As protests against racial injustice spread across the country after Floyd’s death on May 25, presumptive Democratic presidential nominee Joe Biden has positioned himself as the candidate who could root out systemic racism in America. But Alicia Garza, co-founder of the Black Lives Matter movement and the principal of Black Future Labs, says Biden is still “far away” from the change that Democratic voters want to see.
“Frankly, I think [the Biden campaign is] well aware that they are pretty far from the concerns that this movement has put forward—and that is not acceptable,” Garza said during a TIME100 Talks discussion. “We need to push him to be a better candidate if he’s going to be the presumptive nominee.”
Garza co-founded the Black Lives Matter movement in 2013 in response to the unjust killing of Trayvon Martin. Since then, the Black Lives Matter movement has swelled, becoming a rallying cry for racial justice, particularly during the pandemic.
This year, George Floyd’s killing while in police custody ignited protests and demands for policy changes to combat institutionalized racism. Hundreds of thousands of protesters have taken to the streets to support Black Lives Matter and call for racial justice, while simultaneously COVID-19 has laid bare the glaring racial disparities in the country, as the pandemic disproportionately impacts Black and brown communities, both in deaths and in its economic toll.
In response to the protests, Biden publicly threw his support behind the Black Lives Matter movement, endorsing bans on chokeholds and advocating for community policing and qualified immunity reform. However, Biden has continued to reject some of the movement’s boldest and most urgent proposals, including defunding the police.
The 39-year-old activist said the presidential candidate has proposed some policies that meet the concerns of the Black Lives Matter movement, but Garza added that his campaign needs a “full orientation shift” for more voters to get behind him in November.
“I think what we have right now is an opportunity not just to play it safe, but also not to think that just appealing to a mythical white working-class voter in the Midwest is the primary concern for any campaign when they see that Black Lives Matter is in the top issues that Democratic voters care about in this country,” Garza said.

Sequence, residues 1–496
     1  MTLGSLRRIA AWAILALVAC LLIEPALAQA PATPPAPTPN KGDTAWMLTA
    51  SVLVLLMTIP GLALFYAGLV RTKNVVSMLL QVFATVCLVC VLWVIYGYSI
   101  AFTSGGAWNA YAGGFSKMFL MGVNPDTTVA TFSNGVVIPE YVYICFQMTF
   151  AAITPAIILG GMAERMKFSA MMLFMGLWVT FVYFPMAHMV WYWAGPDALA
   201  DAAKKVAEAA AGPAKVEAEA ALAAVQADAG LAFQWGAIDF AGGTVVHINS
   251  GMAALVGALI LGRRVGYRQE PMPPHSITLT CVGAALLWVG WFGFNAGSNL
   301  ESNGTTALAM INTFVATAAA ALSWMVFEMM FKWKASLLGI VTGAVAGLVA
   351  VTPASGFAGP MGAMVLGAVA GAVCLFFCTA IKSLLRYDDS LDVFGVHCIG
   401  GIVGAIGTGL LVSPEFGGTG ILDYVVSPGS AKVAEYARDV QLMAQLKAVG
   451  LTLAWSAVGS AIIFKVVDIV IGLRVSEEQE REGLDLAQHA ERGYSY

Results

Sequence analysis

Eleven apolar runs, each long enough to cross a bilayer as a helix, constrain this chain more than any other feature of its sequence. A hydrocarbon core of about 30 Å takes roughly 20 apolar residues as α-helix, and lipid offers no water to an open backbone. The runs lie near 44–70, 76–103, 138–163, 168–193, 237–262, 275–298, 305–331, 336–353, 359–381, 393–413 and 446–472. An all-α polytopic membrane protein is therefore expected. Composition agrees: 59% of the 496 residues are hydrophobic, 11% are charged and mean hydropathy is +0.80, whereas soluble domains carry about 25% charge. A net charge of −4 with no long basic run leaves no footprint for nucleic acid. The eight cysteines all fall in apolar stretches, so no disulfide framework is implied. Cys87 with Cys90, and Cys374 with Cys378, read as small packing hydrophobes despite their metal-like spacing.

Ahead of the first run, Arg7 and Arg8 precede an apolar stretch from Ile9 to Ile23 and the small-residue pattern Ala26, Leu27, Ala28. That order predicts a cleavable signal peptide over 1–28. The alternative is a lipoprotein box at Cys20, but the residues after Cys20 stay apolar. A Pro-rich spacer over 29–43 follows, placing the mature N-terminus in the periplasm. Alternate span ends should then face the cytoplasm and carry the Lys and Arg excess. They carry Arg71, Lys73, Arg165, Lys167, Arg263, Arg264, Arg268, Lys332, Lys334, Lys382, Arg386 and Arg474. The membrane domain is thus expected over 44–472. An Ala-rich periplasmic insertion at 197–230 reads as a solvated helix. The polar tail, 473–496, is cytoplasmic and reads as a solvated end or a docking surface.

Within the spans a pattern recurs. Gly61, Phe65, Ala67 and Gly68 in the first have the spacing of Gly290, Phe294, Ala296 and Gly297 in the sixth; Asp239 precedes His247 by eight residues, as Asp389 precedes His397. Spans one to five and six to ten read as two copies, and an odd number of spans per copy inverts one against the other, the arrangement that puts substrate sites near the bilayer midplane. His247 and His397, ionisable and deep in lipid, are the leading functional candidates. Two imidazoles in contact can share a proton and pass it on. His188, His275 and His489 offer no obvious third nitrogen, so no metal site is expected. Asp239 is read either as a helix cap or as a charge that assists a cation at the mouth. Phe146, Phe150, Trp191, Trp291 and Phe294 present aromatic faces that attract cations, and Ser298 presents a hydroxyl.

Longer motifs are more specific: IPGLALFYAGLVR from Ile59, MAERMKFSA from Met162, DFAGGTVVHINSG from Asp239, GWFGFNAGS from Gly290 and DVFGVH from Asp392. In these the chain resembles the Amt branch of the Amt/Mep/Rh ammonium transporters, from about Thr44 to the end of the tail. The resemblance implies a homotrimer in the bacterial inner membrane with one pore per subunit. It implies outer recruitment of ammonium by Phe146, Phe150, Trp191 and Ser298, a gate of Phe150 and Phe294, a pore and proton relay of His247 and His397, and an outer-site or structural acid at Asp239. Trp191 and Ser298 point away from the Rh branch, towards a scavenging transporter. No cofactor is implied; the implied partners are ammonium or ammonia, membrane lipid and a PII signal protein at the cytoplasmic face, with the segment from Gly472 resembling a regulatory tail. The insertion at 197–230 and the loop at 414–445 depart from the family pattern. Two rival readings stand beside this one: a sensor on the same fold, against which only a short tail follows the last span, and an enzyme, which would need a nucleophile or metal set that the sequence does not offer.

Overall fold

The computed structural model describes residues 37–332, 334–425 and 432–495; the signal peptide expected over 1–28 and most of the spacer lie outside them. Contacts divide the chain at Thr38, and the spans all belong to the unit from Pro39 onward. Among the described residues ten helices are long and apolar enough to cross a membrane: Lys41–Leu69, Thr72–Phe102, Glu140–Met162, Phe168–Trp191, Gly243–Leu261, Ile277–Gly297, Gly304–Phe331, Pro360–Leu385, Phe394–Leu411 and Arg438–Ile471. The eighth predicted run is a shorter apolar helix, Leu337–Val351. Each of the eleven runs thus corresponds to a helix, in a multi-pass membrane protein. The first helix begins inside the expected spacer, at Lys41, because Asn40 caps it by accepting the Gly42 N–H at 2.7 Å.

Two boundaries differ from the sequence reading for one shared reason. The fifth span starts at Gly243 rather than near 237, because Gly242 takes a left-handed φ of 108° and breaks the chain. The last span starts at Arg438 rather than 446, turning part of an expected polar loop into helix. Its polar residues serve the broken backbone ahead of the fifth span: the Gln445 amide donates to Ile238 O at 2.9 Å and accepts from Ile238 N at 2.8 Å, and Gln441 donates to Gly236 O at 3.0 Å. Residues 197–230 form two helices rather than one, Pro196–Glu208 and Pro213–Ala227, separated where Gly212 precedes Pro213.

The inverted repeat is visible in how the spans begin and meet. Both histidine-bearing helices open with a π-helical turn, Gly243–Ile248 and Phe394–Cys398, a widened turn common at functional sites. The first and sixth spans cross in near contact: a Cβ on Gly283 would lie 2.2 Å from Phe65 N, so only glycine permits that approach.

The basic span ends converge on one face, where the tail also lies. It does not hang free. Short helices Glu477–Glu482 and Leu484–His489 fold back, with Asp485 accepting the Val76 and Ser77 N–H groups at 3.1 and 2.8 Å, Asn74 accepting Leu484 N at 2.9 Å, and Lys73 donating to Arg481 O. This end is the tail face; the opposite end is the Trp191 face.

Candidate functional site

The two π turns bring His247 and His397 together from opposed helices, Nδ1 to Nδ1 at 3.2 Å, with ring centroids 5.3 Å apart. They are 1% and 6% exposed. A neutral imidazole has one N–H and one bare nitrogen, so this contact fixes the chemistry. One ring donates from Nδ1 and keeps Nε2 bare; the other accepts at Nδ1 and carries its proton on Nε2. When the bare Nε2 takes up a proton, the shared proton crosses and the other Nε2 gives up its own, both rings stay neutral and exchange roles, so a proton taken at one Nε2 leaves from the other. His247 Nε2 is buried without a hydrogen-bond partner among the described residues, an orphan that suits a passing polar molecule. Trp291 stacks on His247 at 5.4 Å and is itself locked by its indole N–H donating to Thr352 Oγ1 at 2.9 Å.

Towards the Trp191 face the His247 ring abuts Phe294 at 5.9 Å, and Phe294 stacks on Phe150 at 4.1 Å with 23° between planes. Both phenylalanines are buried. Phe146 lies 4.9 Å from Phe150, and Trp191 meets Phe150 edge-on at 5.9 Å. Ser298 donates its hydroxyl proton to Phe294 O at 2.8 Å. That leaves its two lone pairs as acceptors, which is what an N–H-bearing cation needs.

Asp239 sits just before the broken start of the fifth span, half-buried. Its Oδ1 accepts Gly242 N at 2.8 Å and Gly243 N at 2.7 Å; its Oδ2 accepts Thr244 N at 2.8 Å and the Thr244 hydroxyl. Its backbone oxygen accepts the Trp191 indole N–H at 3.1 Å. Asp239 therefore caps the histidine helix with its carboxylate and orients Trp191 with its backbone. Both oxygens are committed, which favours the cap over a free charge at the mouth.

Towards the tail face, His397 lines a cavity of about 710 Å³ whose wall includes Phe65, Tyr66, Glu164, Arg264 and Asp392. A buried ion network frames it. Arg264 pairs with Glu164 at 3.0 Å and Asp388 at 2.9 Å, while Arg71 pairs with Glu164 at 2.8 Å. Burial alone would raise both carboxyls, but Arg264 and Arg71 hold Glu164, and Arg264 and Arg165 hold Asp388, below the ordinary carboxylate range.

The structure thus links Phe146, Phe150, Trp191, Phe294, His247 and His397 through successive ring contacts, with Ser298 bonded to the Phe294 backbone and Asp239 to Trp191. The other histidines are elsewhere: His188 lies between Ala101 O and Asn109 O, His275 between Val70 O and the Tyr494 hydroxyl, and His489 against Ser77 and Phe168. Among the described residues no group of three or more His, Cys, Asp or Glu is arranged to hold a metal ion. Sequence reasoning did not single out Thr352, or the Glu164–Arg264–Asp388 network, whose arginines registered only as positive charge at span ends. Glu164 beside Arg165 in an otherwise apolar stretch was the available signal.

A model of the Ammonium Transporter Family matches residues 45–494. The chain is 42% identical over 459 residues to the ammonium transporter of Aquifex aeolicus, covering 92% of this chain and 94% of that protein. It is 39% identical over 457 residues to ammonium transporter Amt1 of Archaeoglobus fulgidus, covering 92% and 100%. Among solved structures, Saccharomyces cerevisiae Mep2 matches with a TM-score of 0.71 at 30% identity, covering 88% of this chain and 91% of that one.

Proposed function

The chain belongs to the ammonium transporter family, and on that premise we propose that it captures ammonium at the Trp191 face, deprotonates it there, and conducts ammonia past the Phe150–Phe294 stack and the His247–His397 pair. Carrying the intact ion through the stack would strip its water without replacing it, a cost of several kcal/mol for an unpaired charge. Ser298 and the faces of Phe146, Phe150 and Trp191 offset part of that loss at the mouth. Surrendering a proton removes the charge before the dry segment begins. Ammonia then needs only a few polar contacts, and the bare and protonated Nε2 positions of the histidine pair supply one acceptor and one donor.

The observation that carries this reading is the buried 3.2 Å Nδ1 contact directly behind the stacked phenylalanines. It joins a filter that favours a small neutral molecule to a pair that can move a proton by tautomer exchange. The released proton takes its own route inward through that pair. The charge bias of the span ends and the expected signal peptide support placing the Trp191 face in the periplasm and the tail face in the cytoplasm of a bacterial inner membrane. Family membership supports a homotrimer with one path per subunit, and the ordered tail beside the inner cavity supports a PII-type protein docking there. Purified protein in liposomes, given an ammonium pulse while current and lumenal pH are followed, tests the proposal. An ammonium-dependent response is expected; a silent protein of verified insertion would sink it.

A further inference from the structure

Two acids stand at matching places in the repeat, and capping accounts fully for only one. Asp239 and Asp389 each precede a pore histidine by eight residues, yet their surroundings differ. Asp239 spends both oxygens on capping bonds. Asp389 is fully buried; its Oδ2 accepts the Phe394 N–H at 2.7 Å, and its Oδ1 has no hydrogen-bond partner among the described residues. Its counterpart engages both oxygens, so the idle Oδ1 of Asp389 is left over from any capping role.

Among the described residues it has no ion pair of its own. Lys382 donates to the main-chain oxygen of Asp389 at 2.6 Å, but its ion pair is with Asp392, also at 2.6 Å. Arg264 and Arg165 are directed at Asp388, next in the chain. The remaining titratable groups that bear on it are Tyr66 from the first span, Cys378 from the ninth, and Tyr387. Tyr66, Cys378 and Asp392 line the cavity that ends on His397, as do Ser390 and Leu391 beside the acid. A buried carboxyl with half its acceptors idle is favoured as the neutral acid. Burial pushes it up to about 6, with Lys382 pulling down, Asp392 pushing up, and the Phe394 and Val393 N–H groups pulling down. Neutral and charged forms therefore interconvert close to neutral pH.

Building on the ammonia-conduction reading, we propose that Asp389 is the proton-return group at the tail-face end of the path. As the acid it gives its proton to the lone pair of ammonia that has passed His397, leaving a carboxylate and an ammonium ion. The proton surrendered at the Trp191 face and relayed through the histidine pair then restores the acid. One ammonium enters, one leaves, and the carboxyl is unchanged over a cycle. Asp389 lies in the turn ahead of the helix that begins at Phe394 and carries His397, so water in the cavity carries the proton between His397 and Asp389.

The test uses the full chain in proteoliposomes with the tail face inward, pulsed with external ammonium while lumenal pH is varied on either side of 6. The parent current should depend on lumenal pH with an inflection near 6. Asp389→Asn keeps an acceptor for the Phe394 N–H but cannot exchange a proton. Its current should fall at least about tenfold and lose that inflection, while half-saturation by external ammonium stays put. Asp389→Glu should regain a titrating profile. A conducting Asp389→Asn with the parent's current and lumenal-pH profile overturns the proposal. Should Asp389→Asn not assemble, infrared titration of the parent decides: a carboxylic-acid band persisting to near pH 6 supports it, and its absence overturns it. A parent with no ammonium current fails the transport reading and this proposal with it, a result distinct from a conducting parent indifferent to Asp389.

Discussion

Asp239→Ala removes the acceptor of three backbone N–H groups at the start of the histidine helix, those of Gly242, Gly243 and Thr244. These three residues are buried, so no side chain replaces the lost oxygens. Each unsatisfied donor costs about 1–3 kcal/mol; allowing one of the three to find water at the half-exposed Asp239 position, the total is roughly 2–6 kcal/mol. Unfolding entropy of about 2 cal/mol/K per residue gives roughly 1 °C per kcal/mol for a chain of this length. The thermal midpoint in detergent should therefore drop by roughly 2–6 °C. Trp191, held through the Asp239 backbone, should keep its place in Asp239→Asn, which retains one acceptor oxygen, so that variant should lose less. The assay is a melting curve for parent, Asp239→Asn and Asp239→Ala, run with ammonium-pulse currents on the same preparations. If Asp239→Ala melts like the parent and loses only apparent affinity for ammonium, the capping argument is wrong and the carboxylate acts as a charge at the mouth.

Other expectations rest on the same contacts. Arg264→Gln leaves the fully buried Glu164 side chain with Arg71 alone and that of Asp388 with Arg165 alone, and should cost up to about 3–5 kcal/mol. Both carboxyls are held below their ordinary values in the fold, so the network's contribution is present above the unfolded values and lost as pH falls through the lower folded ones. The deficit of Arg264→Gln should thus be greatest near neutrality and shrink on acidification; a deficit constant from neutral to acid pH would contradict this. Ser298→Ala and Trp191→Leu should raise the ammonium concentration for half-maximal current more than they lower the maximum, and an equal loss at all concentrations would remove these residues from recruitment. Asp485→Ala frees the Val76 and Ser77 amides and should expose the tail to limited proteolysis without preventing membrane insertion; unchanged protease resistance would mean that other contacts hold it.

With just 110 days left until Election Day, Graza worried that Biden could be running out of time to pivot.
“There are opportunistic forces that are also in motion right now trying to generate a lot of fear, insecurity, anxiety about the changes that are happening in this country right now,” Garza said.
Garza also compared the current reckoning over police brutality to the fight over segregation, noting that the changes, while painful, were necessary to America’s progress.
“There were a lot of people at that time who would tell you that if we desegregated that the world was going to collapse and the world is going to devolve into calamity,” she said. “But in fact, what we found is that those kinds of changes were important for America to become who it is today.”
Whether or not Biden will choose to “step up” and adopt bolder policies, Garza said that she and other activists will continue to organize ahead of November and is hopeful that change will happen in her lifetime.
“This movement is going to continue to organize people politically, to organize people practically, and to make sure that our voices are heard at the ballot box,” she said. “But candidates like Joe Biden who refuse to meet the moment miss an opportunity to be on the right side of history.”
This article is part of #TIME100Talks: Finding Hope, a special series featuring leaders across different fields encouraging action toward a better world. Want more? Sign up for access to more virtual events, including live conversations with influential newsmakers.
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